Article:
The Illinois Secretary of State holds informal hearings on a walk-in basis at many DMV locations throughout the state. To find an informal hearing officer, the Secretary maintains a list of hearing officer locations. An applicant should call in advance, whenever possible, to ensure an informal hearing officer is present before showing up for an informal hearing. An informal hearing officer may be temporarily assigned to a different location, maintain specific hours or have taken the day off work.

For both formal and informal hearings, it is strongly recommended that applicants hire an experienced attorney for the Secretary of State hearing process. The Secretary of State maintains copies of all documents submitted at a hearing. They also keep a record of the statements made at prior hearings and their written decisions. It is always advisable to prepare with legal counsel in advance to reduce the likelihood of errors or misunderstandings that may lead to a denial at a hearing.

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How Do I Obtain My Records From My Prior Secretary Of State Hearings?

Prior to attending a Secretary of State hearing, an applicant for driving privileges should order their administrative hearing records if they have had any prior hearings in the past. If an applicant has enlisted the services of an attorney, this is often done during the consultation phase or at the outset of representation to evaluate the case.

If a person has never attended a Secretary of State hearing, it is unlikely there are any records in the file. However, it is still a good practice to verify that no records have been sent to the Secretary by making this request. The Secretary of State may seek to use any records in the file as evidence against an applicant at a hearing.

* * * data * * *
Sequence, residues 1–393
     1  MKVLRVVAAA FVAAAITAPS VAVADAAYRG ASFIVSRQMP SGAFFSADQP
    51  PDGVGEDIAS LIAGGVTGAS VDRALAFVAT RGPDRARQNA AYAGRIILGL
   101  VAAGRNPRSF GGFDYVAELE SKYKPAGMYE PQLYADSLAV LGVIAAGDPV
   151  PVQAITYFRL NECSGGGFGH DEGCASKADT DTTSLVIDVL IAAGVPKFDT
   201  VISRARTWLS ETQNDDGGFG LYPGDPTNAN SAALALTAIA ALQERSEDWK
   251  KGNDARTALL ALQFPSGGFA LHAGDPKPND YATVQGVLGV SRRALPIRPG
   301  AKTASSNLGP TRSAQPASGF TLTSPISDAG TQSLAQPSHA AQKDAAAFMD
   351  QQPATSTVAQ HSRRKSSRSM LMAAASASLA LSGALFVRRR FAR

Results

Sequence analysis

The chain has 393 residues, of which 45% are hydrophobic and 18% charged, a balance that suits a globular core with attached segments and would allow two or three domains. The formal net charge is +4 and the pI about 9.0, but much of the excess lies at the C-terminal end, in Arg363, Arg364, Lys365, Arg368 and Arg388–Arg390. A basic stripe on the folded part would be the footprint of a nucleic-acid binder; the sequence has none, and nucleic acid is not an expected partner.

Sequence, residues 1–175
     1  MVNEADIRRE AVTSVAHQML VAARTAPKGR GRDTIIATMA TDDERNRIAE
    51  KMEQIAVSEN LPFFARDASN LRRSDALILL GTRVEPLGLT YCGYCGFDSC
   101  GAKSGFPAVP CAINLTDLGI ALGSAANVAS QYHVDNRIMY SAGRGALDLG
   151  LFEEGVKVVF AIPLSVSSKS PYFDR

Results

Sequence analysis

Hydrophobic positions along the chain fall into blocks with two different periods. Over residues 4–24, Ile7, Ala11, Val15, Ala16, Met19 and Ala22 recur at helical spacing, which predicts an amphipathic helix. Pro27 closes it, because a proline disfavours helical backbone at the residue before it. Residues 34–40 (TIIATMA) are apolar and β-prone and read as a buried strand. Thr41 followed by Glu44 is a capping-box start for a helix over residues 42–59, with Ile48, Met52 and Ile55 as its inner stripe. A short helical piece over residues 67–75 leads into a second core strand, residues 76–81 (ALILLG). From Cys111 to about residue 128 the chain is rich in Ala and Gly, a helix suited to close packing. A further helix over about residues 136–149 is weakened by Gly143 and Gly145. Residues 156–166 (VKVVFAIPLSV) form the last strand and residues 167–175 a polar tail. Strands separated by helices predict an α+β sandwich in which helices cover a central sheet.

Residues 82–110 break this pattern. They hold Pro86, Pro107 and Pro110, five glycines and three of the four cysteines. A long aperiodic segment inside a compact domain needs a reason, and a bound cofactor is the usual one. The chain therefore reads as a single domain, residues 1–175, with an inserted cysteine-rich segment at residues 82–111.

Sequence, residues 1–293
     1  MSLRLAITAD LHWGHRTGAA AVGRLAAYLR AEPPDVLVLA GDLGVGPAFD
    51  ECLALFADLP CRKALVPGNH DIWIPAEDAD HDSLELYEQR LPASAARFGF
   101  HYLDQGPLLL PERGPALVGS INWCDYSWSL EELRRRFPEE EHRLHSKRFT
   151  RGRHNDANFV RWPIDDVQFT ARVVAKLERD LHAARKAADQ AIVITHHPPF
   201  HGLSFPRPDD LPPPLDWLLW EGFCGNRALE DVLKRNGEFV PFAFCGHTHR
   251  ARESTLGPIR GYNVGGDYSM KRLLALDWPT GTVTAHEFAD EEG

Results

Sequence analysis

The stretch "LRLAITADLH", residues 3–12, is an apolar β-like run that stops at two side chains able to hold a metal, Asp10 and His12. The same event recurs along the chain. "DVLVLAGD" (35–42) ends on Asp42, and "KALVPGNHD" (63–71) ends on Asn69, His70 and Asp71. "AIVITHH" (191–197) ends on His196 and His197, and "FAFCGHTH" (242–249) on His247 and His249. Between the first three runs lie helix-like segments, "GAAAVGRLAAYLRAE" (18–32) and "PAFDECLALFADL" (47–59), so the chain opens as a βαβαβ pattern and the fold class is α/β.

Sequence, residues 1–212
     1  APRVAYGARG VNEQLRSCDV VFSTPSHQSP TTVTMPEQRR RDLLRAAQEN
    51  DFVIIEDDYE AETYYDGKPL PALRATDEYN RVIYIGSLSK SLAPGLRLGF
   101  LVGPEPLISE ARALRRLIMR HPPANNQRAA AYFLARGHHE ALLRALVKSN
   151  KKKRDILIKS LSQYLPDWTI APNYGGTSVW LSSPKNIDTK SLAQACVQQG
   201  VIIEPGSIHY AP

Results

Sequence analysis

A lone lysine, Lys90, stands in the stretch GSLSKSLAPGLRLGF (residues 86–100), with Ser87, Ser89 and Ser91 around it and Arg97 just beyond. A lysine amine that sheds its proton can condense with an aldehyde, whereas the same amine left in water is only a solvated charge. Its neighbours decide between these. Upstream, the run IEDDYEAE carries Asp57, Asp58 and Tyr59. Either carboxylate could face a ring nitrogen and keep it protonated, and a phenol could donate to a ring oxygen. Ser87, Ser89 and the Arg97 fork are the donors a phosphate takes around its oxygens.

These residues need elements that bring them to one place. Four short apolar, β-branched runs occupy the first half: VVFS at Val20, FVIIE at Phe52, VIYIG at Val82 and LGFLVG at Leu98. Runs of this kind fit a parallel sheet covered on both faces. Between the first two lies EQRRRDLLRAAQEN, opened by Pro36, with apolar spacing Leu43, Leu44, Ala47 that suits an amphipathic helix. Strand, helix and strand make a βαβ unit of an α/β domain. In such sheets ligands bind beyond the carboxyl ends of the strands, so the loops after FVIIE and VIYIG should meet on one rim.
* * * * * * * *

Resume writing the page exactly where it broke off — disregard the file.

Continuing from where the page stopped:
It is easy to request the records from all prior hearings by using the record request form that the Secretary of State has created. An applicant should check all boxes on the form and fill in their personal information so the Secretary of State can locate their records. The completed form can be emailed to copywork@ilsos.gov.

Once the request form is emailed to the Secretary of State, the support services division will price the cost to copy the file, charging fifty cents per page. An invoice will be emailed or sent via regular mail to the requestor for the cost to obtain the records. The requestor should return the form with a check or money order, payable to “Secretary of State,” with their driver’s license in the memo of payment. The Secretary of State will send the records to the requestor after receiving payment. It can take several weeks to receive the records.

To obtain the form to request records, click here: Hearing Record Request Form

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How Do I Request Copies of My Sworn Reports From My Prior DUI Arrests?

Prior to attending a hearing, an applicant should be aware that the Illinois Secretary of State retains copies of all prior DUI sworn reports that were sent to their office. The State may inquire about all prior DUIs at a hearing, not just the DUI arrest that caused the revocation.

It is critical that an applicant has the information that the State will be using against them at a hearing. This allows the applicant to remain consistent with the reports on file with the Secretary of State.